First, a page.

Have banked with Lloyds for 30+ years. Was refused an equity release mortgage (less than 1/3rd the value of the House) but was told I failed "to meet their criteriea" Despite two requests Lloydsr wouldn't say why I failed. Oddly enough HSBC also refused but wouldn't say. Financial affairs always kept in 100% order and never involved in Money Laundering. Guess that's where I was going wrong.

  • Comment number 155.

    This comment was removed because the moderators found it broke the house rules. Explain.

  • Comment number 154.

    This comment was removed because the moderators found it broke the house rules. Explain.

  • rate this
    0

    Comment number 153.

    "135.Rocketman

    @ 124: Being "ethical" is so subjective though. It depends on the views of who's at the top making the choices, no?"

    No, that's the point - the top has to listen to the members/customers, it's being *truly* customer focused, rather than the bankers 'squeeze every last penny out regardless' version.

    --
    At least finance/profit can be quantified!"

    So can murders.

  • rate this
    0

    Comment number 152.

    Terrible deal for Lloyds share holders,Eric Daniels must be rubbing his grubby hands together whilst counting his pension income and pay offs after leading a previously well run bank into the mire.
    One must question the team that negotiated this deal i would think the price barely covers the freehold or leases value on the branches they are selling.

  • rate this
    +4

    Comment number 151.

    I haven't stepped into a bank branch for over 20 years and I have no intention of doing so for the next twenty.

    Smile - it's the Co-operative Bank.

  • rate this
    0

    Comment number 150.

    It looks like a pretty complicated piece of organisation. I hope it goes well but if Lloyds is shifting TSB along with systems and customers, there's a lot to go wrong, so it behoves all Co-op customers old and new (who are the shareholder, sort of) keep watch on how the Co-op prepares for this. It isn't a bank that's ever had complex reorganisations to contend with.

  • rate this
    0

    Comment number 149.

    I hope the co-op treat their living customers better than their dead customers
    Channel 4' Dispatches co-op funerals, 23 June 2012.

  • rate this
    +2

    Comment number 148.

    145. Stephen Harvie
    Yet another example that Thatcher's culture of greed made a few individuals obscenely rich and that ordinary people with honesty and integrity end up having to sort out the mess
    +++
    I probably benefited financially from Thatchers policies but I'm definitely in deficit in the morality stakes.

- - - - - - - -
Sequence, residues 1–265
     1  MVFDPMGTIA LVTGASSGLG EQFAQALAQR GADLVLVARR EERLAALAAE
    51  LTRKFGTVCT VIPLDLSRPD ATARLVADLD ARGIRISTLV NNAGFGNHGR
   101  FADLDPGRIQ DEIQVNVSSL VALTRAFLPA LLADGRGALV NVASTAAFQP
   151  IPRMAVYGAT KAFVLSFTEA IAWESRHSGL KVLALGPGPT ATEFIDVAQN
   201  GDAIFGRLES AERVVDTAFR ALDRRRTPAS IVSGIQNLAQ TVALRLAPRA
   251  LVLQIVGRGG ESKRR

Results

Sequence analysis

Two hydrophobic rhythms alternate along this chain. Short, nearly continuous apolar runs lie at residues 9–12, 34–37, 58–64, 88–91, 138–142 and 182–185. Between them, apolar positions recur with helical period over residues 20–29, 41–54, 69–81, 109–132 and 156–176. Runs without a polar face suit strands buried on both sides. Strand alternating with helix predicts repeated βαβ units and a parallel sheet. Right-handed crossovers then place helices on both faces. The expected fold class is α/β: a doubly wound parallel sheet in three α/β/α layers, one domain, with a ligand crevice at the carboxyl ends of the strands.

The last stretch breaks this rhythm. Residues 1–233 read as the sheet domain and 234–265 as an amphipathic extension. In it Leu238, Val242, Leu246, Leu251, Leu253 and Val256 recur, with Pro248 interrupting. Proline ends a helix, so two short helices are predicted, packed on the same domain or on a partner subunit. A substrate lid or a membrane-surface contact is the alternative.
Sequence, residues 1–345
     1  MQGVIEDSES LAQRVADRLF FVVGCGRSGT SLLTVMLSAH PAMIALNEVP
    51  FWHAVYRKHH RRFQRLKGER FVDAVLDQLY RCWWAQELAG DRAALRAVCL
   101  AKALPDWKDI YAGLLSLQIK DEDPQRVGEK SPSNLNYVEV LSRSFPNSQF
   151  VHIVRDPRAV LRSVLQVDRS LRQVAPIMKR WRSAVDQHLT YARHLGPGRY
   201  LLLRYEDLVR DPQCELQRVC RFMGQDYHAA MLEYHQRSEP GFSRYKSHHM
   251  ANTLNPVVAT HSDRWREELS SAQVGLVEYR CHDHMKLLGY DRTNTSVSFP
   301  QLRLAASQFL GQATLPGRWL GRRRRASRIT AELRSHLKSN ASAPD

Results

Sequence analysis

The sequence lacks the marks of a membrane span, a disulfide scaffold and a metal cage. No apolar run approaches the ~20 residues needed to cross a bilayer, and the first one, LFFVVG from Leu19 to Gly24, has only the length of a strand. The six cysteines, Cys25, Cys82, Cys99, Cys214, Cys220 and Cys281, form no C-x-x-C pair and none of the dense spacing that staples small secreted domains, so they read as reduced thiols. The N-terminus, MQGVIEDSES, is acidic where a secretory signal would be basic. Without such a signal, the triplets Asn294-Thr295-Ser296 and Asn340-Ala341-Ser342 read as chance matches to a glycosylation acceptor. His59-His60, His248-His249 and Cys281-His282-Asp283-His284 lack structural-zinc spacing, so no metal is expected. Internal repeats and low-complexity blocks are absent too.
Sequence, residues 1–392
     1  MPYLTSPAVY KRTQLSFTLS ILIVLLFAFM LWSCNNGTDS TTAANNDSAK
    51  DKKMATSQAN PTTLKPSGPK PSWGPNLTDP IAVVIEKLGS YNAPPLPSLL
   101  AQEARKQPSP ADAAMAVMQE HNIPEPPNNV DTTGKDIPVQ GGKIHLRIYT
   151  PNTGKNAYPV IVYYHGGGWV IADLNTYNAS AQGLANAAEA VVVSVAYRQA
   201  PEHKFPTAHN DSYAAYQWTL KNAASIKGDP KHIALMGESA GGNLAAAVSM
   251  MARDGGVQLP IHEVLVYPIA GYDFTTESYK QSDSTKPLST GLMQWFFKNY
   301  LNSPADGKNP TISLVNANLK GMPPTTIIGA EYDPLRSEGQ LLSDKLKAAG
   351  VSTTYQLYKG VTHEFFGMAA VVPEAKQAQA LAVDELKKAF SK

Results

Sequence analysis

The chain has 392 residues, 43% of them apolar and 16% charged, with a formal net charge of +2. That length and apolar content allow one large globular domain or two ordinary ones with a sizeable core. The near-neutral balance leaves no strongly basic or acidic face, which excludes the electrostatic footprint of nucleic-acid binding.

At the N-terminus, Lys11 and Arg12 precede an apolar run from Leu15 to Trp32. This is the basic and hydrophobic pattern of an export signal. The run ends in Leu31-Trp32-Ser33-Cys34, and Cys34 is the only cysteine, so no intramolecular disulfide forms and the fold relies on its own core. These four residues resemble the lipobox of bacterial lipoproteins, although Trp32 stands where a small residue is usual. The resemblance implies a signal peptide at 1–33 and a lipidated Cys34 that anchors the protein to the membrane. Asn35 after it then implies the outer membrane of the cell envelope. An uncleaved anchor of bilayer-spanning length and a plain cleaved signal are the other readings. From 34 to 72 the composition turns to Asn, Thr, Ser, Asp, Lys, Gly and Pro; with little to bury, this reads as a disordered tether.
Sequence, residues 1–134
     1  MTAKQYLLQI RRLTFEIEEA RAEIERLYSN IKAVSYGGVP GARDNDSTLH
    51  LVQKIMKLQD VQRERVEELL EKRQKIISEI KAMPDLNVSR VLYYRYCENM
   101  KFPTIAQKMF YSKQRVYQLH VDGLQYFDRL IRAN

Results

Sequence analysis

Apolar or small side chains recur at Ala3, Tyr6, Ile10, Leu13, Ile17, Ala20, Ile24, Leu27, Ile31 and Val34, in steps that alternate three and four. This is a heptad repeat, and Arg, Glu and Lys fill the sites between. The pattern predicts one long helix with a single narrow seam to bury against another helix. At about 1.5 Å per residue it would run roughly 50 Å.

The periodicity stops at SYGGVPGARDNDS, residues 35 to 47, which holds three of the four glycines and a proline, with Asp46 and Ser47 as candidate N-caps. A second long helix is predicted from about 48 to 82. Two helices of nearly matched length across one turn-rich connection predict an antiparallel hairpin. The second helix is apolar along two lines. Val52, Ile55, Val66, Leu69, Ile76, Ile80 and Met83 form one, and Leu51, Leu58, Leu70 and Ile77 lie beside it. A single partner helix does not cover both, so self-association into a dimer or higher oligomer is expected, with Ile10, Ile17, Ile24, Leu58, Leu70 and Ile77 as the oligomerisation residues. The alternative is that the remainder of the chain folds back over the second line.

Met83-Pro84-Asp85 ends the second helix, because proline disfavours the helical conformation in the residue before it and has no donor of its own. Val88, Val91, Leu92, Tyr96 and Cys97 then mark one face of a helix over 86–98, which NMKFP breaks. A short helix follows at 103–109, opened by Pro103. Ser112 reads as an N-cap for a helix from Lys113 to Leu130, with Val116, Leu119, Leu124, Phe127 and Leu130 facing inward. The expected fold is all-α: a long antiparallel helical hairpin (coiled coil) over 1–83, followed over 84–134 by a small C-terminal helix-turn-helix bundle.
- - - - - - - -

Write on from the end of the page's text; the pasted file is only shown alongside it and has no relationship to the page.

• rate this
    +2

    Comment number 147.

    "The price tag, of up to £750m, is much less than the £1.5bn that had originally been expected for the sale."

    "Under the deal, Lloyds is also providing £1.5bn of capital for the branches, meaning it faces a loss of about £750m on the sale."

    So in other words Lloyds is giving Co-op £750m. Wouldn't this incur a massive tax bill? It's hard to change the habits of banks.

  • rate this
    +19

    Comment number 146.

    A good move for Banking and the UK.

    I only hope the Co-op stay a true "retail" bank and isn't lured into making money through "investment" banking by the silky tongued Lloyds boys.

    Not that I have anything against investment banking, but I do think alot of people in the UK just want to be with a Bank that has real values, has it's customers at heart, and provides SIMPLE services that are WANTED.

  • rate this
    +6

    Comment number 145.

    Yet another example that Thatcher's culture of greed made a few individuals obscenely rich and that ordinary people with honesty and integrity end up having to sort out the mess

  • rate this
    +1

    Comment number 144.

    I don't think they're involved in the sale, but my local (village) branch of Lloyds has always given excellent service. They were especially helpful when my wife died, no fees or charges.

  • rate this
    +2

    Comment number 143.

    so let me get this right. The taxpayer who funded the bailout of TSB is again losing hundreds of millions of £ on a sale, in the same way that the Taxpayer lost hundreds of millions on the sale of Northern Rock? yes it's a great deal for Co-op at the expense of the taxpayer yet again. The taxpayer paid for the building of the olympic village, which was then sold to private companies at a loss too

  • rate this
    -7

    Comment number 142.

    Kent C Strait. The fact I didn't get my way has nothing to do with it, the high handed manner in which we were dealt with IS unprofessional and unethical. Before you decide this is about party politics, treating people like vermin is about common courtesy and decency, something neither you nor the Co-op know anything about

  • Comment number 141.

    This comment was removed because the moderators found it broke the house rules. Explain.